Missing on Moncada
By Ethan Witte
On Monday, the Boston Red Sox signed the latest Cuban phenom, 19 year-old Yoan Moncada, to a deal that reportedly includes a $31.5 million signing bonus. Moncada is regarded by many as a five tool talent, a player worth that kind of financial investment, regardless of where he came from.
According to the international signing rules, Boston will now be assessed a 100% tax on the signing bonus. From the Bosox perspective, this actually makes him a $63 million investment. Boston is also now restricted from making any international free agent an offer in excess of $300,000 for the next two signing periods.
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This marks the second highly regarded Cuban prospect the Phillies have appeared to pass on this offseason. Earlier this winter they missed out on Yasmany Tomas, who eventually landed a six-year deal with the Arizona Diamondbacks.
Many fans were extremely upset at the time of the Tomas signing, as the Phillies were considered by many to be favorites to sign the young Cuban slugger. The Moncada signing is more a disappointing shake of the head. Why aren’t the Phillies signing guy like this, when young, dynamic, blue-chip talent is what they need?
At first blush, I tend to agree. Most people think that while Moncada will need some minor league seasoning before he comes up to the majors, he will be a force when he ultimately arrives.
Had the Phillies signed him, he would have been arriving just as their rebuild was kicking into gear. His natural talent would have been a major boost both to the current minor league system and to the future talent crop the team will field, possibly by as early as 2016.
It would have been nice to see J.P. Crawford and Moncada forming the new Rollins-Utley duo for the next generation of Phillies fans. Alas, it was not meant to be. Is that a bad thing? Well, yes and no.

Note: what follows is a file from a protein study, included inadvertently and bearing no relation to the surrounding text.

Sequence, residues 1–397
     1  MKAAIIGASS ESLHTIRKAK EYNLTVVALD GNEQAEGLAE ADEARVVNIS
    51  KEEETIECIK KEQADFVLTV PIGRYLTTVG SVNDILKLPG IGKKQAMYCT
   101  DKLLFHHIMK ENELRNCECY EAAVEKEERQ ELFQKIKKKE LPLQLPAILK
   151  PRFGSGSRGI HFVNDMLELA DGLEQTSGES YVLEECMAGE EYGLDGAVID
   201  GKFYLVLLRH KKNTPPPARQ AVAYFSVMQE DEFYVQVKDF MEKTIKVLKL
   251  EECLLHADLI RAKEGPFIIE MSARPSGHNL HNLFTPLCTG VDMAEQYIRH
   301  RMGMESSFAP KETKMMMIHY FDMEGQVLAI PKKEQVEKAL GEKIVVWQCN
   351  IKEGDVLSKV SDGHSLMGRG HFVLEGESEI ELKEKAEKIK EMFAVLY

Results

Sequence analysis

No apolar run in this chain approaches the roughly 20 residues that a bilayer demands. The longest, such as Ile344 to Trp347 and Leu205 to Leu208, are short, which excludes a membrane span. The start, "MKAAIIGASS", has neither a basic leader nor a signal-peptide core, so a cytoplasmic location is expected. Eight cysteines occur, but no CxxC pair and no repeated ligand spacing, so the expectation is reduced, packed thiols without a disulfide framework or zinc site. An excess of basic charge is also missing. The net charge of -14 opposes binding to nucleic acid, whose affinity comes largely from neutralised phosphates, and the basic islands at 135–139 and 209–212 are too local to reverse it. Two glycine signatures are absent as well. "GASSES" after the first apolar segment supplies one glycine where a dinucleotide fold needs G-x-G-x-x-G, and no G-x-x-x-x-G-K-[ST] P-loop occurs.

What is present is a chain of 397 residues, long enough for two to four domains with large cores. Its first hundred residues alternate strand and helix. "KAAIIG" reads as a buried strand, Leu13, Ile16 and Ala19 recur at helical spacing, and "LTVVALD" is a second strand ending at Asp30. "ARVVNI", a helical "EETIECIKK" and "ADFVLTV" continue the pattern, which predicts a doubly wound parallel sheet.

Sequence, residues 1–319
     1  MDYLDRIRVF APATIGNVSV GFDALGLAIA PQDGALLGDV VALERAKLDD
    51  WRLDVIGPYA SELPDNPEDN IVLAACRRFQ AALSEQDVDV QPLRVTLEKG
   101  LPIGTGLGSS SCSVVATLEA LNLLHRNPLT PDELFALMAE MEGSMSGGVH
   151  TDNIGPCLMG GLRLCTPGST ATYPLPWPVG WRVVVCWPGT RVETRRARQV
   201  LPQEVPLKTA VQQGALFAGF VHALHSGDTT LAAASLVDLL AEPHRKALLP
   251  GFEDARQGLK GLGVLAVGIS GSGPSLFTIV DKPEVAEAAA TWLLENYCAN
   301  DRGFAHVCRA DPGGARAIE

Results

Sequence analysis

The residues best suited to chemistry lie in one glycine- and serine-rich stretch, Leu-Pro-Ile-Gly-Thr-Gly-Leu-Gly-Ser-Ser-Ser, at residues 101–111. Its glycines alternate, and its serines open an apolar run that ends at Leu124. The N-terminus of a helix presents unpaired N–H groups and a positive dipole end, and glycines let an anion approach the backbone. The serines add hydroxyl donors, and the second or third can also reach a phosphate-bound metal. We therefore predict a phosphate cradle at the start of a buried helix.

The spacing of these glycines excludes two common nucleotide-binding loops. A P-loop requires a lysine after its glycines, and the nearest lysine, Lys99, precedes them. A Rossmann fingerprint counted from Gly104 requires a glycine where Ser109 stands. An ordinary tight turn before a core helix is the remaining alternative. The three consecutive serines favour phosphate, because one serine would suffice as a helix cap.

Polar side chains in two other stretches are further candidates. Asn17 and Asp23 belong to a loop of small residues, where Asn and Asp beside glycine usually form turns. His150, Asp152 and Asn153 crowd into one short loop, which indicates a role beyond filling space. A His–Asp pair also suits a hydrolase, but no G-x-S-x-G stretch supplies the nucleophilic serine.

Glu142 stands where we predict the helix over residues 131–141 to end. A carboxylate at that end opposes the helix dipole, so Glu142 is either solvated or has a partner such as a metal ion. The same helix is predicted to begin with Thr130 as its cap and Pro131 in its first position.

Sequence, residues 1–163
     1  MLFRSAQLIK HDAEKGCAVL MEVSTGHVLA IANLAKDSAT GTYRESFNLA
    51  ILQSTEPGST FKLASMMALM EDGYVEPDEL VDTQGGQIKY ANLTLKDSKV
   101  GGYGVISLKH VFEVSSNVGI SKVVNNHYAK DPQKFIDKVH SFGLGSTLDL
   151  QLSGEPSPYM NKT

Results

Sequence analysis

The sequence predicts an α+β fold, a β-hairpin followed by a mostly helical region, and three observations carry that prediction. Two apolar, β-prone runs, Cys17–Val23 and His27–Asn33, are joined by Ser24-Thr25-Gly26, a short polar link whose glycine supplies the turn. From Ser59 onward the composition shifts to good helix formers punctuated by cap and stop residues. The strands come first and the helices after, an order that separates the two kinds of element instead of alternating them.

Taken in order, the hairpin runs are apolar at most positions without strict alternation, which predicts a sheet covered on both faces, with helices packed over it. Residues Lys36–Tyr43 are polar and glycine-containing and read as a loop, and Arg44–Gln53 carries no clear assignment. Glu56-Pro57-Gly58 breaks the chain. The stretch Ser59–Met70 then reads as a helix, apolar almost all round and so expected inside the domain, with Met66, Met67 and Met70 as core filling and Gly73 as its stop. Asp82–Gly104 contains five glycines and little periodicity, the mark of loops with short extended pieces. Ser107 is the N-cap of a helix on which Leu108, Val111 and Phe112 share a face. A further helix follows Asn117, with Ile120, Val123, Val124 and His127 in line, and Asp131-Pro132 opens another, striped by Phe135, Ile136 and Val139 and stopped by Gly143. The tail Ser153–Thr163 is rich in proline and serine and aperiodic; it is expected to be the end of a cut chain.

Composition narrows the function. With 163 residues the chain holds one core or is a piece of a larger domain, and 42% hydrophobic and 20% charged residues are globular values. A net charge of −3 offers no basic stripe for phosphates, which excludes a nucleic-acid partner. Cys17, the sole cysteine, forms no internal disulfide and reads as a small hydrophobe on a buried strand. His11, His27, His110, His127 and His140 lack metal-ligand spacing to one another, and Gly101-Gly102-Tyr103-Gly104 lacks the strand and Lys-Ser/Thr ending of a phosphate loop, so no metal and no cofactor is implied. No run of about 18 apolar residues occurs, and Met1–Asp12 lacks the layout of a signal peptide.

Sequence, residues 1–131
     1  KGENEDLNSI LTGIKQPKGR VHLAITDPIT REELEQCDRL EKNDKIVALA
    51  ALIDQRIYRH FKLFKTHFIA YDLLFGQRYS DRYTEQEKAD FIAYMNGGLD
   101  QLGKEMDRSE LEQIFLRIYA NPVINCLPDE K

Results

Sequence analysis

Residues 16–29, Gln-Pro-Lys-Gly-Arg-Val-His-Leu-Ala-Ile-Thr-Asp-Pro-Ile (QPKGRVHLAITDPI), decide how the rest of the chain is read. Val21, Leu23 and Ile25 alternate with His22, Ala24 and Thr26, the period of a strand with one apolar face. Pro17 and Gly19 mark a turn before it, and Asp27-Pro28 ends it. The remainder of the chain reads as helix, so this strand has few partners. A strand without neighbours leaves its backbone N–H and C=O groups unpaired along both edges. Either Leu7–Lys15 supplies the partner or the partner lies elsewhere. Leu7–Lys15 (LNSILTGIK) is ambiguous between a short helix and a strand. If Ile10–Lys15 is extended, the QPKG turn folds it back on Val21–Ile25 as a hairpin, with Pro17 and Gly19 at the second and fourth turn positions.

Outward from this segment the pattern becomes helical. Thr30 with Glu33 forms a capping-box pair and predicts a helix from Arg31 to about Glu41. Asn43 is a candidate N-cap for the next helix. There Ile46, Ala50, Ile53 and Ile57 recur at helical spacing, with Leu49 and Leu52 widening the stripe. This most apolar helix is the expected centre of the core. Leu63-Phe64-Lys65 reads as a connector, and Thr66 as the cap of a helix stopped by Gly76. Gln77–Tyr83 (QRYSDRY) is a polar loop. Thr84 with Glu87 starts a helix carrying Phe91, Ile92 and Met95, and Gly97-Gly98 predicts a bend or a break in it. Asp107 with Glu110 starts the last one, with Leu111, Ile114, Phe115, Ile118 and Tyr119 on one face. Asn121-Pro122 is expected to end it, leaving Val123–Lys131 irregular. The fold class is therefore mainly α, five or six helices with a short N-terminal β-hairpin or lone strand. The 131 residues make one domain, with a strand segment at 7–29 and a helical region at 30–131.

Yes it’s bad, because Moncada was a major talent that the team might have added. Acquiring talent is something every major league team looks to do, especially one as in dire need of young talent as the Phillies.
Seeing the farm system consistently ranked in the bottom third by major industry talent evaluators shows how poorly they regard the current depth of Phillies prospect talent. Moncada alone could have boosted them up into the next tier.
It’s not as if the organization is afraid of Cuban players. They have already dipped their toes in the Cuban waters when they signed pitcher Miguel Gonzalez, so they are no stranger to the current tide of players trickling off of the island. However, signing Moncada would appear to go against what they are trying to accomplish in the grander scheme.
Writer Matt Winkleman, over at philliesminorthoughts.com, penned an article the other day that seems to show exactly why the Phillies didn’t sign Moncada. While the whole article is worth a read (as is anything he writes), the one thing that really stands out is this quote which he uses from a chat conducted by Kiley McDaniel, a prospect writer with Fangraphs:
"Comment from Guest:How big are the Phillies going on July 2nd?Kiley McDaniel: Potentially very big."
If the Phillies are planning on spending big and going over their international spending limits on July 2nd, that means they have their eyes on multiple players who they feel will also be beneficial to their system.
The organizational scouts have identified players that could pay off in much the same way that Moncada would, infusing the system with a greater volume of talent. This would help uplift the Phillies organization as a whole more than one super prospect could.
Signing Moncada now would mean they are unable to sign these prospects without having to pay the same 100% penalty the Red Sox are about to pay out. Not even the new infusion of Comcast television money would have been worth that cost.
Apparently, the Phillies aren’t the only team thinking in these terms, either.
If the deep-pocketed Dodgers weren’t going to sign Moncada because of what July 2nd might still yield in terms of talent, then I believe that what the Phillies did by passing on him was wise. Don’t judge the team just yet, at least not until we see what their plans are come July. Then, hopefully we will see what their master plan was all along.